Three years ago, I was getting ready to graduate from college with a major in anthropology, which everyone swore was a death sentence for a job search.
I remember clearly the serendipitous meeting that landed me with the Bon Appétit Management Company Foundation. Through a series of extremely random events, I attended a presentation by Bon Appétit CEO and founder Fedele Bauccio, Vice President Maisie Greenawalt, and Foundation Director Helene York. In that one hour, I learned more about the problems of our food system than I had in my entire college career — and that’s despite the fact that I had long been interested in sustainability issues and had even spent time living with organic coffee farmers in Mexico. These three corporate executives talked about things like rBGH, reduced antibiotics in animal husbandry, and sustainable seafood — some issues I had never even heard of. I was blown away.
In the discussion afterward, they continued to make quite the impression. I will never forget Fedele’s first words to me: “I really like your shoes!” (I was wearing green Converse sneakers that apparently reminded him of a pair he had had as a high school basketball player.) At one point after the presentation, he had me teetering on one foot while he lifted up the other to get a closer look to see if my Converses were the real deal.
“If this is any indication of what the people in this company are like, I want to work here,” I remember thinking.
Two months later, I landed the position as the very first East Coast Fellow for the company’s Foundation arm. It’s been a great three years, and I leave my job even more deeply impressed with the company than I was on that very first day. I’d like to take this opportunity to explain why.
Truth vs. Marketing
First, I need to provide some context: Several years ago, I worked for an organization that promoted ethical products to consumers. I believed very much in the organization, although I knew the system it promoted was imperfect. (Of course it wasn’t perfect! No solutions to social problems are.) Yet, the image the organization sought to project was indeed one of perfection. In the marketing department, where I worked, our goal was to convince consumers that these products were quite simply “the ‘good’ choice” — no further discussion was welcome. Feeling as if I were misleading consumers, I became disenchanted with marketing as a field.
It’s funny to remember that, because many people later saw my position as East Coast Fellow as marketing. After all, I travel to college campuses within the Bon Appétit network and discuss food sustainability issues as well as how the company is working to address them. In other words, I promote the company. But here’s the difference: I knew from Day One that my superiors expected me to be 100% honest, even if that meant discussing Bon Appétit’s shortcomings. I knew this because I had seen three of the company’s top executives speak in public. While they highlighted the good things the company is doing — for example, being the first food service company to commit to shell eggs that were 100% cage-free and Certified Humane (a commitment we have since expanded) — they also engaged students in a frank conversation about how much more work there still is to be done. Cage-free eggs are certainly a step in the right direction, they said, but it doesn’t change the fact that a percentage of BAMCO meat comes from animals that were raised in concentrated animal feeding operations (CAFOs), aka factory farms, that are hugely detrimental to the environment, human health, and animal welfare. Bon Appétit was working to improve food system, but by buying certain products, it was still contributing to the problems. And Fedele, Maisie, and Helene weren’t afraid to admit that.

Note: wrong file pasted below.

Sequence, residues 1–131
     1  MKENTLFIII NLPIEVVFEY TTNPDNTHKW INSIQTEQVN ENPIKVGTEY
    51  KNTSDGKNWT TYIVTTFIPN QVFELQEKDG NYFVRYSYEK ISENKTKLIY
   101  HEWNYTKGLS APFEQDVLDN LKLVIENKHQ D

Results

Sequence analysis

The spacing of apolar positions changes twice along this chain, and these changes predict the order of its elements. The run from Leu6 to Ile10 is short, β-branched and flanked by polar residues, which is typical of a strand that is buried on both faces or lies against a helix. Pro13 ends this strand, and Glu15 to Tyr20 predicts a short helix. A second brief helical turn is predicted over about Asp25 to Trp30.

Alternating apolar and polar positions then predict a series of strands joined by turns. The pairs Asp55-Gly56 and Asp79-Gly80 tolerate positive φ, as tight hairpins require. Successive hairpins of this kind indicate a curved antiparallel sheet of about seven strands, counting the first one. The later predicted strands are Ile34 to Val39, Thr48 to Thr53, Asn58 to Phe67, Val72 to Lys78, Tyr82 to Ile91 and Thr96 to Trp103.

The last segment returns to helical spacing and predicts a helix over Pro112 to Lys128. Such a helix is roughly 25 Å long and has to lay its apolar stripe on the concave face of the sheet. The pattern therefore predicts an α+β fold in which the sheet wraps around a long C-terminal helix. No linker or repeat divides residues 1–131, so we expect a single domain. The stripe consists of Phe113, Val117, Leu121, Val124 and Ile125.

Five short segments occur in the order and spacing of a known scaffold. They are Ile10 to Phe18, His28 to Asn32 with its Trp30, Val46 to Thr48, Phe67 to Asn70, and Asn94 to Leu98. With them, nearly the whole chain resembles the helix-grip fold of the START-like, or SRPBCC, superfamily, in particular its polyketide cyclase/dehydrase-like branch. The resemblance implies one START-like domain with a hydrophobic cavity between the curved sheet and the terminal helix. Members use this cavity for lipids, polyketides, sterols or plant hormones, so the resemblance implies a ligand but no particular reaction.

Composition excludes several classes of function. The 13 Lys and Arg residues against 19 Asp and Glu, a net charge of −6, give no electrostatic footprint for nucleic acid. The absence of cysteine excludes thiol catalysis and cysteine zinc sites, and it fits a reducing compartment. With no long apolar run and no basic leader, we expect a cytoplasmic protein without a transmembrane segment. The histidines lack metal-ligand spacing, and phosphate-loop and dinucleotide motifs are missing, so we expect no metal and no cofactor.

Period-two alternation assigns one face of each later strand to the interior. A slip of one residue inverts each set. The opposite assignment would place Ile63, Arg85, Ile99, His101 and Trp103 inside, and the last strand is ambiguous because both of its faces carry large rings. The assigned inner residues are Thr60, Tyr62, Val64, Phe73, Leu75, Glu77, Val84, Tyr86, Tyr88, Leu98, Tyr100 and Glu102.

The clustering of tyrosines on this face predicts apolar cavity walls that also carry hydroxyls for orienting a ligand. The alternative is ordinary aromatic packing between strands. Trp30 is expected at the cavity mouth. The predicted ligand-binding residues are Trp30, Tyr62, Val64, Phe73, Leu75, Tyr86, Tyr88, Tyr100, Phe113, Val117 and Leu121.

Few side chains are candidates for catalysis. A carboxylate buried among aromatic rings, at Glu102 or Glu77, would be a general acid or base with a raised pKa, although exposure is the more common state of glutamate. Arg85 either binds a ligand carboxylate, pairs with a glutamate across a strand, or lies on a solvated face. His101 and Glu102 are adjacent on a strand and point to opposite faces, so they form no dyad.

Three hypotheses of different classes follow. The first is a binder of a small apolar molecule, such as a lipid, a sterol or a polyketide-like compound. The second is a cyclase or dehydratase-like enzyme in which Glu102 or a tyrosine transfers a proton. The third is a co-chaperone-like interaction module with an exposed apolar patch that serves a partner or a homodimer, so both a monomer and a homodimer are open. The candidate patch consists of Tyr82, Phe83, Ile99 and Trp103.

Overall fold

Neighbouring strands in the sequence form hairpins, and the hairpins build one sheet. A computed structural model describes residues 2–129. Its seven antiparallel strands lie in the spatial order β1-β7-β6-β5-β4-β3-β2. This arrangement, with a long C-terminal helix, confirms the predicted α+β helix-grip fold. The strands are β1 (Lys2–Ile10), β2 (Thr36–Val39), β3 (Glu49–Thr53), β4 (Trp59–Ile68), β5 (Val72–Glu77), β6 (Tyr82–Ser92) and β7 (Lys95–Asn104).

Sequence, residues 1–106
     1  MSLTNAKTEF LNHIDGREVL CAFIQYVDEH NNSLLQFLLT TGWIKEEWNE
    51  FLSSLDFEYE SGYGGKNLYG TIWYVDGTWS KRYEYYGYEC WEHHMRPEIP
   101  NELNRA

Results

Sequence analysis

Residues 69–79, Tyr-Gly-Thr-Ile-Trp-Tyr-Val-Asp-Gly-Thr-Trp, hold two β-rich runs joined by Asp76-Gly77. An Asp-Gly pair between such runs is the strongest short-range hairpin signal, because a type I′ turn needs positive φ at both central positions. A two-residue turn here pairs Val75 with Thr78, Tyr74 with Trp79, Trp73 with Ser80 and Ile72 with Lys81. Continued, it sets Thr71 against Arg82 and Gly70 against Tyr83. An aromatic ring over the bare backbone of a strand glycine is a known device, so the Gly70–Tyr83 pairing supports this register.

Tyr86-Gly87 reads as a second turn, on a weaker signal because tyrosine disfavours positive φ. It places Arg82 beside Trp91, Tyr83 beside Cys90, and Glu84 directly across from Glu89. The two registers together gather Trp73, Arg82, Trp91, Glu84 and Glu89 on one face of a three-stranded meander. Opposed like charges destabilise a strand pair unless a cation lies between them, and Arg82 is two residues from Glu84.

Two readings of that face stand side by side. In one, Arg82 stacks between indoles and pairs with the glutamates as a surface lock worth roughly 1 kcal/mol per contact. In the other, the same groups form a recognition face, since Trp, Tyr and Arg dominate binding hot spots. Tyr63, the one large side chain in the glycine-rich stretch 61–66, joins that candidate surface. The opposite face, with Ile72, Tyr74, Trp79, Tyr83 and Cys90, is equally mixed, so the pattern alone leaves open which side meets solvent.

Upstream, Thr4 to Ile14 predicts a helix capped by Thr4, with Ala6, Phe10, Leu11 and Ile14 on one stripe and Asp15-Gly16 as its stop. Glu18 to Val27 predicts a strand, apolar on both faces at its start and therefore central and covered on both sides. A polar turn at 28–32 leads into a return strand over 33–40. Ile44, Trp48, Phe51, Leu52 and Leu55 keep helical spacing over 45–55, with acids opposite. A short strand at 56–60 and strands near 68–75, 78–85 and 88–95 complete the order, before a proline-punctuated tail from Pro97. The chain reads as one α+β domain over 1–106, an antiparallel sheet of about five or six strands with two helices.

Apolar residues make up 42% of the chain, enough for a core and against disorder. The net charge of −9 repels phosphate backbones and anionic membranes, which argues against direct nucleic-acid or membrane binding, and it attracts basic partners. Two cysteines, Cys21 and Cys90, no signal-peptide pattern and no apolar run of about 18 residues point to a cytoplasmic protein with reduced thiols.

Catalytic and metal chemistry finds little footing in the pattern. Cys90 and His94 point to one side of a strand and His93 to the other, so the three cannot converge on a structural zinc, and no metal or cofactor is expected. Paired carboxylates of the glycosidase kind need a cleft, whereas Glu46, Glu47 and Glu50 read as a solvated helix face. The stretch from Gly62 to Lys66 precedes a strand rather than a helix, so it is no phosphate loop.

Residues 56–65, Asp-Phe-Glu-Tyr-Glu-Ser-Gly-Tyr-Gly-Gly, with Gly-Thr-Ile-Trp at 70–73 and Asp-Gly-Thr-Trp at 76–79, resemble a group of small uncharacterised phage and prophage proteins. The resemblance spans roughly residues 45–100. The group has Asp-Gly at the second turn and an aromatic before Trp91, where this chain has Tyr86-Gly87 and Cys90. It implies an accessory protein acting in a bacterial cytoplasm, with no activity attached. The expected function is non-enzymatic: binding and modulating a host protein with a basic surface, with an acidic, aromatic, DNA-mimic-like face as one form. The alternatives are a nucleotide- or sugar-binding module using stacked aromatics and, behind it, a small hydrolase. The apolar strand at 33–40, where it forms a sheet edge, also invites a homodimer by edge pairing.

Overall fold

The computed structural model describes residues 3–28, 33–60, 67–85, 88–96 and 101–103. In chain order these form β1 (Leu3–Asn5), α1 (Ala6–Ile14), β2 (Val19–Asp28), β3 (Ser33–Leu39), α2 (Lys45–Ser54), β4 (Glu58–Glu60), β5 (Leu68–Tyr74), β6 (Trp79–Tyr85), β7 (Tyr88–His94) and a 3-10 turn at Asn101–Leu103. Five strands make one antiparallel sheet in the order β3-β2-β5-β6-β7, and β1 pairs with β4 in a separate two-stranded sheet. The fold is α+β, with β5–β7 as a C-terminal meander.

Coming out of my experience, where the only two options had been the “good choice” and everything else, this approach to “marketing” was so refreshing. I can’t count the number of times I’ve heard Maisie, my boss, say things like, “What really keeps me up at night is the labor issue. I’ve been working on it for several years now, but I still don’t have a clear answer.”
When I started traveling to college campuses on behalf of BAMCO three years go, I was a little reluctant to brag about the company. After four years of activism in college, where I was constantly on the lookout for greenwashing, I wanted to make sure I didn’t come off that way.
But soon after joining the company, I stopped having any hesitation. With so much out there that is over-hyped, over-bragged, and not really making an impact — or not making the impact that organizations would have you believe — when something comes along that is the real deal, you’ve got to make a fuss about it. And BAMCO is making a real impact. Our Farm to Fork program supports more than 1,000 local small farms and businesses. Our recent commitment to sourcing more humanely raised meat will mean that more than 3 million pounds of pork will come from animals raised without gestation crates. No, the company isn’t perfect. We still buy some meat from animals raised in degrading conditions. Some of our suppliers probably do, under the radar, exploit their workers. But I don’t think anyone could hear Maisie Greenawalt speak publicly about these issues and not believe that she is sincerely and genuinely passionate about changing them. And I can personally attest to the fact that this company is making a difference.
I cannot express how grateful I am for my time at Bon Appétit, and what I have learned about how to change flawed systems, bit by bit, for the better. As I pursue a master’s in social work, I will take these lessons with me, and if in the future I am able to do half the good Bon Appétit Management Company does, I will consider it a job very well done.